The educational revolution wrought by the introduction of “free schools” in Nova Scotia was scarcely less controversial than the confederation movement, launched at the same time. The principle of general assessment was unpopular with parsimonious ratepayers, while Roman Catholics, who opposed the secularizing influences of public schools, resented the tyranny of the Protestant majority in the province. When Tupper appointed a co-religionist as superintendent of education, even supporters of educational reform erupted in open criticism. The most vocal objection to Rand’s appointment came from friends of Forrester (a Presbyterian), who, it was alleged, had been unceremoniously pushed aside for a younger subordinate. Forrester himself felt sufficiently slighted by the appointment to consider resigning from his post as principal of the Normal School. Rand had actually asked Tupper for the position, an audacious request on the part of the 29-year-old teacher and one made without the knowledge of Forrester, who had expected to retain the superintendency.
Despite its unpopularity in certain quarters, Rand’s appointment demonstrated Tupper’s shrewdness in handling difficult issues of public policy. It was popular with the Baptists, who were strongly represented in the ranks of the Conservative party and who harboured a grudging sense that Presbyterian influence had undue weight at provincially funded institutions such as the Normal School and the recently resuscitated Dalhousie College. Given Rand’s progressive views on education, the supporters of public schools could have little cause for complaint, and even Forrester quickly reconciled himself to the situation, recognizing that Rand was “thoroughly inoculated” with his own views. The two men continued to work closely together, and Forrester would later name Rand executor of his will.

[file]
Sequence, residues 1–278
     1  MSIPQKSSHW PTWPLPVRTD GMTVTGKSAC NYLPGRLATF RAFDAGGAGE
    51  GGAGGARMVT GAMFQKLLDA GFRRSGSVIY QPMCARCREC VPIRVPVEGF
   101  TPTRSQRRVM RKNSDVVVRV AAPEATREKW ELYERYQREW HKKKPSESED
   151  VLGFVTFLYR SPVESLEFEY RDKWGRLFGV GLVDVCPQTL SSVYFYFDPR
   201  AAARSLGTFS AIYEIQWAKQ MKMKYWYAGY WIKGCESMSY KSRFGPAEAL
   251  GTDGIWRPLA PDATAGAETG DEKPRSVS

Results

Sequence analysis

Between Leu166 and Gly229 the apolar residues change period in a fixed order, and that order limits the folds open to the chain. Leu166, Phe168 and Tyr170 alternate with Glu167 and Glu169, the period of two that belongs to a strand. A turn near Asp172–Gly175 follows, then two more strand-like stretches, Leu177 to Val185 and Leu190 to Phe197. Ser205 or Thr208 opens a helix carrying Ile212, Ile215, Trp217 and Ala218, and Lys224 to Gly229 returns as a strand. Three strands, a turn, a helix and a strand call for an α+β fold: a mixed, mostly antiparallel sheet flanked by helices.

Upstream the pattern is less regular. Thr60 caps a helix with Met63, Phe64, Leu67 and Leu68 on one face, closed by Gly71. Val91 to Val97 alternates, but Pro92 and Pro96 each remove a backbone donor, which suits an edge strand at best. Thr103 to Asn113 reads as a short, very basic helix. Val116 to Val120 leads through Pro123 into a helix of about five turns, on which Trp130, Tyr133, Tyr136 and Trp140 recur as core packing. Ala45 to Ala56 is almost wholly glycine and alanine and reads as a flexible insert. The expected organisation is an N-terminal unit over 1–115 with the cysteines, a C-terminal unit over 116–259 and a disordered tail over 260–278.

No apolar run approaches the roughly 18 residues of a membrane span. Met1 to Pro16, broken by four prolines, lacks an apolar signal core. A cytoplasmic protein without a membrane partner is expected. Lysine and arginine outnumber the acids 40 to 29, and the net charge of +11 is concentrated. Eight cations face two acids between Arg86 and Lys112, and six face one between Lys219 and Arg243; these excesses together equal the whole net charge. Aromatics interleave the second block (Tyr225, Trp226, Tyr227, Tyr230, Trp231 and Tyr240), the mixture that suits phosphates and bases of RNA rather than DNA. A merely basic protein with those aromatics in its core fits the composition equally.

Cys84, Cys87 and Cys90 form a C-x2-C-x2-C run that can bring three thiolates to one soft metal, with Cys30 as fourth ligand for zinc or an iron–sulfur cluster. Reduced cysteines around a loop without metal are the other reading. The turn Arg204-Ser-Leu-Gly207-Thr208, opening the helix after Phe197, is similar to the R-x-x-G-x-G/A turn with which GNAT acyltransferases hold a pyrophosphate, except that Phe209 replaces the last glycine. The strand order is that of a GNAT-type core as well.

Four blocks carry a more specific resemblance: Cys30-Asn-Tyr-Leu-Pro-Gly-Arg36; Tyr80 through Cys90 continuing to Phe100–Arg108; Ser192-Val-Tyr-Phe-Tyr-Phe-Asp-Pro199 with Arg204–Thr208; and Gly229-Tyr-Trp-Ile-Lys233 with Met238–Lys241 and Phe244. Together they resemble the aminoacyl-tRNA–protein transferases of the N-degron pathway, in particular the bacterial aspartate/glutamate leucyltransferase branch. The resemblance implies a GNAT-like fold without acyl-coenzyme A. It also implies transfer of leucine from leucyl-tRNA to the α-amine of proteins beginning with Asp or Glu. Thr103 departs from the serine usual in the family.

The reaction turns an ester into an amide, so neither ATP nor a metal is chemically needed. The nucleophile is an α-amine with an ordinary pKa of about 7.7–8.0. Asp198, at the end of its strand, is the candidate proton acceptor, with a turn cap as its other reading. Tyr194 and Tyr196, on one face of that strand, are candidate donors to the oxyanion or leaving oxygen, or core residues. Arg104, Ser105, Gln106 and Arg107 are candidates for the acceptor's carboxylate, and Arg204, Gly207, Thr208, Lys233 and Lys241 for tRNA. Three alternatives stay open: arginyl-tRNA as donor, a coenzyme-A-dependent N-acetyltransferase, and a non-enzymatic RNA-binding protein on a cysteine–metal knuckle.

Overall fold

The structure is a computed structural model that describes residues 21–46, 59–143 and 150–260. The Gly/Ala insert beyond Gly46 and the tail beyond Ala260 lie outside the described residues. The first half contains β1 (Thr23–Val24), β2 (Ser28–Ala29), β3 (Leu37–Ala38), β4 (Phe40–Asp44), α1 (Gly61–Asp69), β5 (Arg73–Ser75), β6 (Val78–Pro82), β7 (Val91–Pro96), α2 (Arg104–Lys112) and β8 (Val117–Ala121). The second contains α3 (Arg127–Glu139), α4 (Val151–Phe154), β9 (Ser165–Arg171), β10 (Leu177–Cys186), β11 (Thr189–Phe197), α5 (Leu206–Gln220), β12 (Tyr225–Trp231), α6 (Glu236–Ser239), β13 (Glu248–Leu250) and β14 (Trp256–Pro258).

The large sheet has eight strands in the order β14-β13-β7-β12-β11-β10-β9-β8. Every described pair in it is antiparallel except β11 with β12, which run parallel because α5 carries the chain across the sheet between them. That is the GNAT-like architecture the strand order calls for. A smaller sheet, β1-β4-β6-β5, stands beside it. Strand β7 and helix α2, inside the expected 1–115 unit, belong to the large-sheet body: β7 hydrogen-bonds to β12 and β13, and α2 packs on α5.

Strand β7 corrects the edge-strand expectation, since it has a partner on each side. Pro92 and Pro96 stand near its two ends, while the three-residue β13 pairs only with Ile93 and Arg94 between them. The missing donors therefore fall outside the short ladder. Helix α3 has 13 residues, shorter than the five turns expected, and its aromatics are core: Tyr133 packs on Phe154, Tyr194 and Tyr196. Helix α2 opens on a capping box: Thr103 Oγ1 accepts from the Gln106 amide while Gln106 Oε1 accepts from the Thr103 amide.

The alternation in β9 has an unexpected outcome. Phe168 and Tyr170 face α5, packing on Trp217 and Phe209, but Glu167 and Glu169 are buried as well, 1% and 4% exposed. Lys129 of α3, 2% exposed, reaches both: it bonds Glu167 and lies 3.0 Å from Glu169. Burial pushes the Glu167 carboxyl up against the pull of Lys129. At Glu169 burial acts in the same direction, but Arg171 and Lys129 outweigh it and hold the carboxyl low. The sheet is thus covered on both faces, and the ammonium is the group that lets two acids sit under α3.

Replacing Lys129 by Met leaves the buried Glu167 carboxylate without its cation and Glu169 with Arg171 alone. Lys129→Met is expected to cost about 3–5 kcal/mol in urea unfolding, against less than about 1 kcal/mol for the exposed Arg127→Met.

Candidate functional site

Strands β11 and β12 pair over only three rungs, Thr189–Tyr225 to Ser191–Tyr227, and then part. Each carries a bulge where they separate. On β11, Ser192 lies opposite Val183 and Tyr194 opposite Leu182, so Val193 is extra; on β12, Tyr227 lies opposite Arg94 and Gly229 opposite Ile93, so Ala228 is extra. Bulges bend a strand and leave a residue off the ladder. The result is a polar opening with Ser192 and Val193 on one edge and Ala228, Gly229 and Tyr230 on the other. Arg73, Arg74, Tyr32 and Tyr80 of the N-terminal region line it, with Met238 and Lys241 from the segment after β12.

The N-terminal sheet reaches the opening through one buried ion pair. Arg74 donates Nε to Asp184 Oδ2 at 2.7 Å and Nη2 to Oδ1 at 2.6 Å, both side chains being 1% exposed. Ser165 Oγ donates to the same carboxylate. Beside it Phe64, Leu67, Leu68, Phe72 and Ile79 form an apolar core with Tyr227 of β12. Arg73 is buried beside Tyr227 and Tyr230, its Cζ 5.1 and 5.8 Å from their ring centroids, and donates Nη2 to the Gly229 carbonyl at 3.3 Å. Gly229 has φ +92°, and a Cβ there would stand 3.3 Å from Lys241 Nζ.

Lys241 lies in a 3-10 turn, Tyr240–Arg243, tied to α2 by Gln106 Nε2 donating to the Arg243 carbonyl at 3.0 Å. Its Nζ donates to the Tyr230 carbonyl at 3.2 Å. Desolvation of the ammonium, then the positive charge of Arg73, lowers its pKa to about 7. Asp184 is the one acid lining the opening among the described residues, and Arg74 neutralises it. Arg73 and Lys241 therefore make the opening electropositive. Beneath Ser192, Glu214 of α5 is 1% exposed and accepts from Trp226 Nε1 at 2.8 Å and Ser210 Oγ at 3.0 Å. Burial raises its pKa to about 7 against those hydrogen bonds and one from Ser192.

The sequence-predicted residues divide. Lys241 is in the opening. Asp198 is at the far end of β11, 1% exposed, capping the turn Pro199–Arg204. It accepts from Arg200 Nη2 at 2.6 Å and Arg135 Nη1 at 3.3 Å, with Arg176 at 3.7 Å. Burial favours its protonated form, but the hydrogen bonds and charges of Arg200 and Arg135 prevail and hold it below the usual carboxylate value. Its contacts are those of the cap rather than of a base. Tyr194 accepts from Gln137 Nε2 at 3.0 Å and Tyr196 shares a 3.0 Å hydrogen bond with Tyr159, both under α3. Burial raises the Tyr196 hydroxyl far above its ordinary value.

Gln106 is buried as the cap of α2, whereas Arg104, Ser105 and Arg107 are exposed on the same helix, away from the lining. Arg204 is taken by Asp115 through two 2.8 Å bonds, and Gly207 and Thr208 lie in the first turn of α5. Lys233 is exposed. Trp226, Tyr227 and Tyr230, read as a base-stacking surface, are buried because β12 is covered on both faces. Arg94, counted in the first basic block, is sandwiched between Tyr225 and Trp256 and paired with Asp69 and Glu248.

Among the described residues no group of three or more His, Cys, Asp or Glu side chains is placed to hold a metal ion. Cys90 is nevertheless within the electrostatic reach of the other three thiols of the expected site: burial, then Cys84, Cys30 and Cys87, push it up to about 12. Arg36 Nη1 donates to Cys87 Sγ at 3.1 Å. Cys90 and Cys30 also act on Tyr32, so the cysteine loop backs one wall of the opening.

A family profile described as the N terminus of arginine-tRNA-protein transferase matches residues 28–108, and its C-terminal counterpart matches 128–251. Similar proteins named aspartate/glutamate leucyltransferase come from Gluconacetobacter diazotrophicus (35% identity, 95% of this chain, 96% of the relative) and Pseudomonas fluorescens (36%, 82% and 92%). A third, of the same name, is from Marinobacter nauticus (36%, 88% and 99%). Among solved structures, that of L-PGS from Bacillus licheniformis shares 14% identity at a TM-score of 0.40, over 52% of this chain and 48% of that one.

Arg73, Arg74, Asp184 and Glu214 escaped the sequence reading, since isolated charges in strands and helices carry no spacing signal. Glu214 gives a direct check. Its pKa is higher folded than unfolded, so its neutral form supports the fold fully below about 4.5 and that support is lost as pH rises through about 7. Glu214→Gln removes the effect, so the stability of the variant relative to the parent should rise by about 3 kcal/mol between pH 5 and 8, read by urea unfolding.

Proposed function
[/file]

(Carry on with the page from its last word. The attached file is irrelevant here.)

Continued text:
Rand came well prepared for the elevated position in which he found himself. He had been awarded an ma from Acadia in the spring of 1863 and had spent the ensuing summer visiting the schools of southwestern Nova Scotia. In touch with the current thinking on education in North America and Europe, he drew upon the experience of such pioneer educators as Horace Mann of Massachusetts and Egerton Ryerson*, chief superintendent of education in Upper Canada, in developing the public schools of Nova Scotia. Once in office, Rand manifested the energy for which he would eventually become legendary. In addition to prodding the government to improve the legislation relating to public schools, he founded the Journal of Education, first published in 1866, to fire the enthusiasm of teachers, encouraged the Provincial Education Association of Nova Scotia to bring educators together in a professional association, and led the assault against the opponents of the new system. These opponents were so numerous that, according to one observer, for a week at a time Rand “never took off his clothes. He would throw himself on a couch in his office for a few hours’ sleep, and then return to his work.” In many parts of the province there was outright defiance of the legislation requiring local assessment, and meetings to choose trustees and sites for new schools often ended in pandemonium. The religious question was equally contentious. Although Rand was committed to Christian education, he was opposed to any formal recognition of separate schools for the aggrieved Roman Catholics of the province. His public comments concerning this issue resulted in attempts on the part of Archbishop Thomas Louis Connolly* and Vicar General Michael Hannan* to have him removed from office. At Tupper’s insistence, a compromise was effected in Halifax that enabled Catholic-run schools to be eligible for the public school grant.